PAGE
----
Mon April 8, 2019
The Nova Jazz & Blues Nights present

MF Robots (GB)

Jan Kincaid: drums
Dawn Joseph: vocals
line up tba

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Music For Robots “It’s about not being afraid, just doing it for yourself, and having a really good time doing it and making sure our audience has a really good time too,” says Dawn Joseph , one half ofthe duo MF Robots(aka Music For Robots) she has formed with Jan Kincaid. Thesoulfully energetic self-titled debut album will be released May 4thvia Membran Music. Jan Kincaid, the former drummer, songwriter, producer, and founder of the Brand New Heavies met Dawn Joseph, the vocalist and multi-instrumentalist, when she started singing for the Heavies in 2013. The pair instantly clicked, and within their first week of working together, they were writing songs. By the end of their first month, they already had far too many for the Heavies to realistically put out.Now they’ve formed their own band, MF Robots –their name, a subtle dig at how generic today’s music climate has become –based around Joseph’s effusive vocals, mindful of soul’s golden age but no revival, and Kincaid’s killer rhythms. Touchstones for Joseph are Anita Baker, Gladys Knight and Whitney; their classicism viewed here through a modern lens. “The first time I heard Dawn sing, I was gripped,” says Kincaid. “Her voice just pulled me in.” The duo’s first single, the jubilant The Night Is Calling,sets MF Robot’s manifesto. “We live in miserable times,” says Kincaid. “Artists and musicians have a responsibility to reflect and react to that and that’s probably why we have so many singer-songwriters singing depressing songs at the moment. But someone needs to be providing the pressure valve; the escapism; the much needed party funk so you can step outside for a while, and that’s our role, that’s what we do.” The Night Is Callingencapsulates the thrill and excitement of getting ready to go out nightclubbing in its triumphant mood; it’s a rallying cry for Parliament’s Party People to get dressed up like the cat’s meow and dance the night away.Kincaids’ brother Per played bass on several of the tracks, and other musicians included Naz Adamson (bass), Mark Beaney (guitar) and the horn section is made up of Graeme flowers (trumpet) and Andy Ross (sax). Whatcha Sayin’,the album’s opener, is a future classic in the making, about saying goodbye and moving on, and the message isboth powerful and positive.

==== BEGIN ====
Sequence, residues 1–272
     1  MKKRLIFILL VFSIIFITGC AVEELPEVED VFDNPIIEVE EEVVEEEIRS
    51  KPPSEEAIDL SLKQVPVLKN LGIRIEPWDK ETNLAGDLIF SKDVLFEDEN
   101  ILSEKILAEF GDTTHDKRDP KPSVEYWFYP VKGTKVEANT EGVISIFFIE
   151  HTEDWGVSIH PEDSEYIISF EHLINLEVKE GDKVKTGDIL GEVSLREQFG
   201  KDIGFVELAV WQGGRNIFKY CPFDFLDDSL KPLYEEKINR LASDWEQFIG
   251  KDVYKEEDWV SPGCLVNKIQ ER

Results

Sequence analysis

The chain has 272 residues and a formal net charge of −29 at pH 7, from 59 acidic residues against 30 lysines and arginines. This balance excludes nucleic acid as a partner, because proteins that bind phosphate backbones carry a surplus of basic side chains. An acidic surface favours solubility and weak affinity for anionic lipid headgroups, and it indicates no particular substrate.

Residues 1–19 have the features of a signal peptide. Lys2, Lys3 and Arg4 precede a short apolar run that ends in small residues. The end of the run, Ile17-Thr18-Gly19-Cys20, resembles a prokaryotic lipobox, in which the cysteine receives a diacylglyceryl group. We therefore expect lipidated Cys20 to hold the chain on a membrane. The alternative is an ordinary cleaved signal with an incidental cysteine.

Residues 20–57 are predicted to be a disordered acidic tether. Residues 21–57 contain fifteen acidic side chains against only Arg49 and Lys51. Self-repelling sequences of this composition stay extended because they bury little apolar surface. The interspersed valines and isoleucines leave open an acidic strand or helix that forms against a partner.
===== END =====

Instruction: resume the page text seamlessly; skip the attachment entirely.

Woois a fiery ball of energy, built on a 60s R&B styled stomp of a backing track, the kind you’d find Junior Walker blowing his sax over. “It’s about blowing the lid off, you know, being overcome with the excitement of everything, just going woo...” says Kincaid. Believe in love, is, says Dawn, “our Stevie Wonder moment”. It’s seven minutes of luminescence with seraphic harmonies, thudding bass, reaching-for-the-heavens horns and melodic throbbing synth and atop that sits Dawn’s “I believe” churchy cry. “We’re about authenticity, integrity, personality and heart,” says Joseph. “About bringing fun to people because there is nothing wrong and everything right with feeling good.”